Swedish Juniper

Swedish Juniper – Juniperus communis

Swedish JuniperThis Swedish Juniper at the Morton Arboretum is 47 years old

Common juniper is possibly the most widely distributed tree in the world. Common juniper is highly valued as an ornamental, provides good ground cover even on stony or sandy sites. This species was first cultivated in 1560. This circumboreal species occurs across North America, Europe, northern Asia and Japan.

Swedish Juniper foliage

Common juniper is almost completely circumpolar within the exception of a gap in the Bering Sea region. It is widespread in North America beyond the northern limit of trees, occurring from western Alaska and British Columbia to Newfoundland, Greenland, and Iceland.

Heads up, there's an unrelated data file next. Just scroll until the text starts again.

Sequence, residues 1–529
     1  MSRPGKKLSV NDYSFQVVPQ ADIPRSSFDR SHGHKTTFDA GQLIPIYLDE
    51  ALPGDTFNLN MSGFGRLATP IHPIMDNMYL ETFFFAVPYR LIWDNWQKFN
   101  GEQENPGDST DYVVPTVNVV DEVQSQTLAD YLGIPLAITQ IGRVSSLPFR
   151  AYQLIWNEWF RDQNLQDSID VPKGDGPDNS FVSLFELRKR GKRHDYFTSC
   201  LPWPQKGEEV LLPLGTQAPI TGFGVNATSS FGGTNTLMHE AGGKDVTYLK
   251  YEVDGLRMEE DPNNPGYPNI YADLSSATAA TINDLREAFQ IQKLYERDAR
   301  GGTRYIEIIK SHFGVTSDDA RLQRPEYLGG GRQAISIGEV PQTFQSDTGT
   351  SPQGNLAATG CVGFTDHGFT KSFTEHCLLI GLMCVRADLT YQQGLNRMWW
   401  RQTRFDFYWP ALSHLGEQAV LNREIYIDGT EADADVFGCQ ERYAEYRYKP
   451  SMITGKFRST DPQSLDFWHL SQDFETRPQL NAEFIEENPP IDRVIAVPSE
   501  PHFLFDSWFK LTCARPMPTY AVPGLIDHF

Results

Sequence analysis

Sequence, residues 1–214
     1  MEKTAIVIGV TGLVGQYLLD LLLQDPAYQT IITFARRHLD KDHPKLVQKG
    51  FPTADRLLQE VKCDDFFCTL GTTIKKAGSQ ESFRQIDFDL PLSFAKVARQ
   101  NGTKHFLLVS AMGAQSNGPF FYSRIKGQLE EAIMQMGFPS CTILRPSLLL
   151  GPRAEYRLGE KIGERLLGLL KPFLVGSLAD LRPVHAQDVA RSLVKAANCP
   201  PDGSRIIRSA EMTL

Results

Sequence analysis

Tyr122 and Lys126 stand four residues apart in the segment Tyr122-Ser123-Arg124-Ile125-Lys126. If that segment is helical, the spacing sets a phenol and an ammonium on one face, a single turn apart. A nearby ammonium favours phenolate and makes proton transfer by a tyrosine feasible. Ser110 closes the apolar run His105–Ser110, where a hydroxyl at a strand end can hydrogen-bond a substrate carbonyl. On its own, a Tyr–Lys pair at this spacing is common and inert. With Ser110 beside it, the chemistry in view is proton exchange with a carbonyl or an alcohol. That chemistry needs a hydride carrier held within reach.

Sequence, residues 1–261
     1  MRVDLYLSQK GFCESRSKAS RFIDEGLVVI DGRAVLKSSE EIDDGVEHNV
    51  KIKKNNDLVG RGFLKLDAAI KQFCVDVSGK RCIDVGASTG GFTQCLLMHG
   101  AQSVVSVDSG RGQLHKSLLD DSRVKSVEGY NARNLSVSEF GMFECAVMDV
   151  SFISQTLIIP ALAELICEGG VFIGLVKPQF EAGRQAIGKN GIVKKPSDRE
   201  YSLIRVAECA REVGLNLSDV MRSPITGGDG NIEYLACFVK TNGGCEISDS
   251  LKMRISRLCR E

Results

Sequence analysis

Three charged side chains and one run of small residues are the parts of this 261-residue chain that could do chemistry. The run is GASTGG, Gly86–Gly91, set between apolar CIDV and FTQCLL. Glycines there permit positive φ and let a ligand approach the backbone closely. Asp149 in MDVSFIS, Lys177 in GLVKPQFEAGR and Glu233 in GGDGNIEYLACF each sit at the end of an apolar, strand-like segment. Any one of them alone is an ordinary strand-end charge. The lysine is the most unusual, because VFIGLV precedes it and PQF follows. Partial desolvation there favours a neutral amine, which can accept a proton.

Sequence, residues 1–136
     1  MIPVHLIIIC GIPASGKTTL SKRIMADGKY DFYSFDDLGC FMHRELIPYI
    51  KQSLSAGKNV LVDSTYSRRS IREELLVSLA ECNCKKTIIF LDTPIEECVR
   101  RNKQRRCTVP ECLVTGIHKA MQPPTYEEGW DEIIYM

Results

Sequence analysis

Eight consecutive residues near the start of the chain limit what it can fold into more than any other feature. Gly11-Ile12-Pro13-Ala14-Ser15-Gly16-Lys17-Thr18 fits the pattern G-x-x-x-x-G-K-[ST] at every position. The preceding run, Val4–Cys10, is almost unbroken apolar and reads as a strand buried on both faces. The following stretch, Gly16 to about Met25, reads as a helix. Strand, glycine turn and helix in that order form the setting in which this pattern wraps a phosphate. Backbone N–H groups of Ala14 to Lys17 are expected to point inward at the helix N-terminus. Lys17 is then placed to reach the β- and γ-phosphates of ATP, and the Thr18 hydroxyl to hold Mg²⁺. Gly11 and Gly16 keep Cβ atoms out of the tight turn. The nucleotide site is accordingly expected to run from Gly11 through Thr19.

Swedish Juniper barkThe bark of common juniper is thin, shreddy or scaly, often exfoliating into thin strips

Common juniper extends southward through New England to the Carolinas and westward through northeastern Illinois, Indiana, northern Ohio, Minnesota, and Nebraska to the western mountains of Washington, California, Arizona, and New Mexico.

Cones of most junipers are eaten by many species of birds and mammals. Numerous animals, including the American robin and black-capped chickadee, feed on the cones of common juniper whenever they are available. American robins frequently consume large numbers of cones during the spring and fall. In eastern Ontario, cones provide food for cedar and Bohemian waxwings. Wild turkeys also feed on cones of common juniper.